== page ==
If a line must be drawn, I propose the Nicene Creed/Ten Commandments test.  Any church or similar organization that acknowledges the entirety of the Nicene Creed and the moral truth of the Ten Commandments and obeys the latter to the best of their ability shall be considered Christian; anyone who doesn’t will not.  If someone denies the divinity of Christ, we can draw a line there.  Believing in evolution or ordaining women, not so much.  You can still have opinions about those issues.  You can believe that others are wrong.  You can do your level best to change their minds.  But you can’t condemn them as heretics.  It’s possible they’re not Christians; it’s possible that the one issue you disagree about is the difference between saved and unsaved.  However, if the distinction needs to be made, it’s wise to stick with the creed that the church has believed for more than 1600 years and regard the issues that they saw fit to include as important and those that they didn’t bother to mention as peripheral, rather than relying on your own judgment.

Church history buffs will be pointing out that using the Nicene Creed as a criterion would introduce a filiusque problem.  Indeed, but if I were to eliminate all splits in the church except that between Catholic and Orthodox, I would already deserve a Nobel Peace Prize.

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Worst. Bible. Ever.

UPDATE: Welcome, visitors from The Contemporary Calvinist!  Allow me to direct you to some other posts you’ll disagree with, on the topics of literature, pride, evangelism, Arminianism, and the Manhattan Declaration.

A certain person who attends my care group owns the Reformation Study Bible.  My first reaction was “That Bible probably has the Book of Piper right in it!”; my second reaction was that it might be the worst Bible ever and is certainly in the broad category of “worst Bibles ever,” barring those with actual translation issues.  This has very little to do with its actual content, which, not having looked through it, I can’t evaluate.  It’s just an inherently flawed and, in fact, anti-Christian concept.  The blurb says:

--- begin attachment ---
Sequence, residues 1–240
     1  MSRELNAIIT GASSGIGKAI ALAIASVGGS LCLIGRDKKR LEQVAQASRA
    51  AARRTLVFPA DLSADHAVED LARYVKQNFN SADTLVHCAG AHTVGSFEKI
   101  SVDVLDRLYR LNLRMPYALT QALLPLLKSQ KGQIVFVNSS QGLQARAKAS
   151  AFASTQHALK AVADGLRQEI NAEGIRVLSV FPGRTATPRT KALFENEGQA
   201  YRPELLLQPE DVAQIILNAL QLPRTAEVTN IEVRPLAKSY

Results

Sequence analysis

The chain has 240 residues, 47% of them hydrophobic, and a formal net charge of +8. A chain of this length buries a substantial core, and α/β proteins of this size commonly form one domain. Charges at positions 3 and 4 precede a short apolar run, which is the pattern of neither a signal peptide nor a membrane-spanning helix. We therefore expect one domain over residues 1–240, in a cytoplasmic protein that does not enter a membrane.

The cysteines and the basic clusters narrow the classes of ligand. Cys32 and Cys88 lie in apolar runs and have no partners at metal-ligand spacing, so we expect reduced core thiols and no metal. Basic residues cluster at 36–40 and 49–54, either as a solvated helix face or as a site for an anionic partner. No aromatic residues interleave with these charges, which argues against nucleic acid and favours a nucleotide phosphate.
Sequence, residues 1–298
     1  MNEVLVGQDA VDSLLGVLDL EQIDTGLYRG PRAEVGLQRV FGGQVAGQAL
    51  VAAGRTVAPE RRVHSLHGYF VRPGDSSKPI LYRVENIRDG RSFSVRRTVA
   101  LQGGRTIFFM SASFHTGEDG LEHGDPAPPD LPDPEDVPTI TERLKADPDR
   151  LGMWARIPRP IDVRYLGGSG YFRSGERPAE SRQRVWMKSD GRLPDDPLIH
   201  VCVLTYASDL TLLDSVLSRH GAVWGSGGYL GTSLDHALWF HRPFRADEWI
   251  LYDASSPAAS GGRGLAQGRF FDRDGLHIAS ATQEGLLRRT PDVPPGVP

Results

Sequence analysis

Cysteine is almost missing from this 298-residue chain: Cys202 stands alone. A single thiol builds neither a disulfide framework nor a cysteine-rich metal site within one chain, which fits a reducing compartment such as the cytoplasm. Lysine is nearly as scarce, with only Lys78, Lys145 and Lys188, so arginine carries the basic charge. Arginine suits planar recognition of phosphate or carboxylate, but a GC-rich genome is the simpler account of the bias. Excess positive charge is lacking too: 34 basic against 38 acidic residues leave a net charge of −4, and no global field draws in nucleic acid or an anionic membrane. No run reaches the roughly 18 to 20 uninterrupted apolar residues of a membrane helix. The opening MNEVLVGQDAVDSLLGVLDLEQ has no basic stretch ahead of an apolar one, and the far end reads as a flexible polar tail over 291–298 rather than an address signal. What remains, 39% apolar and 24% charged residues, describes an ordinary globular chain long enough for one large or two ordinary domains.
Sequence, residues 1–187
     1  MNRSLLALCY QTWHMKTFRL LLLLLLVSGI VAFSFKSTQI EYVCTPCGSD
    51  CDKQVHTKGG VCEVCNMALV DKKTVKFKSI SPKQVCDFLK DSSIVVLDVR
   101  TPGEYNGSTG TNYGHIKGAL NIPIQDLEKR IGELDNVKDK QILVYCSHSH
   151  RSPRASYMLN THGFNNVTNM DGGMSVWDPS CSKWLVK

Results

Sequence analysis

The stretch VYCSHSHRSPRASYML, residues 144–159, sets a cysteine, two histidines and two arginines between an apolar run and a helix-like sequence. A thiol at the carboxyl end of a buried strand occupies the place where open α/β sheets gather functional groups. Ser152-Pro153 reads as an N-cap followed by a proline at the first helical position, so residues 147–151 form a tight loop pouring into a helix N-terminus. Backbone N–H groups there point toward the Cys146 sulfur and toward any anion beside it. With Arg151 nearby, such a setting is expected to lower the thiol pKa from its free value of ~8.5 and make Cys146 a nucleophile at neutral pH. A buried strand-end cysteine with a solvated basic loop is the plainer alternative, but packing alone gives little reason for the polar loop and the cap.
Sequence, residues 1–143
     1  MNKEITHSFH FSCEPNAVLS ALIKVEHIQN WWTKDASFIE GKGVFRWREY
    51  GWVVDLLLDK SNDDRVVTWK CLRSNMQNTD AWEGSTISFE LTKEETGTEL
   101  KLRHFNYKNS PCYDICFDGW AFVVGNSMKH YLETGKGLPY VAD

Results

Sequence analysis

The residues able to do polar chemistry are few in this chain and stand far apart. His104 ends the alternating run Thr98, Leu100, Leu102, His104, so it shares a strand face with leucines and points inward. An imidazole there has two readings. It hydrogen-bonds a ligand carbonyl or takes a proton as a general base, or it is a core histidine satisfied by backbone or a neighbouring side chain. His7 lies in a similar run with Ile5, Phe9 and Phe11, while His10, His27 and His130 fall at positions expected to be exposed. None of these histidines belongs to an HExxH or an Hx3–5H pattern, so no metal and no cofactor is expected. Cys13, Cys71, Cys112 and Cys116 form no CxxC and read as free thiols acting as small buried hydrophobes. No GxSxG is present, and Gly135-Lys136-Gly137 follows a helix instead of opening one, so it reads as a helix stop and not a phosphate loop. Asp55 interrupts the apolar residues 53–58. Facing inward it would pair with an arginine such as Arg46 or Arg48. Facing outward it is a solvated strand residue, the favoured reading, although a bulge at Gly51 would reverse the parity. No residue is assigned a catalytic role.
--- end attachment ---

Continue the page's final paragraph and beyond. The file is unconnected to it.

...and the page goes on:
“The Reformation Study Bible contains a modern restatement of Reformation truth in its comments and theological notes.  Its purpose is to present the light of the Reformation anew.”  -R.C. Sproul, general editor

Okay, it’s edited by R.C. Sproul, which immediately vaults it into “probably terrible” territory, but that’s not the central problem.  The real problem is the same thing that is, or would be, wrong with a feminist study Bible or the Scofield Reference Bible or The Green Bible or or a pacifist study Bible any other Bible that promotes a specific issue or viewpoint.  It is reducing the Bible to a resource used to support a position–environmentalism, pacifism, Calvinism, or whatever else–that someone already held.  In other words, it elevates one hermeneutic to, and above, the level of Scripture.

Flying in the face of the Reformed doctrine of sola scriptura, the Reformation Study Bible shows that, in the eyes of its creators anyway, the words of Scripture are not sufficient.  They need to be propped up with notes guiding the reader to the correct interpretation, putting emphasis on verses that support Calvinism and glossing over ones that don’t.  Also in contradiction to Reformed tradition, the reader can’t be trusted alone with the Word of God: he or she needs a framework to ensure that he or she comes to the right conclusions about it.

Reformed people seem to be immune to the irony here because, for them, Reformed truth is Biblical truth.  As I said before about R.C. Sproul and his ilk: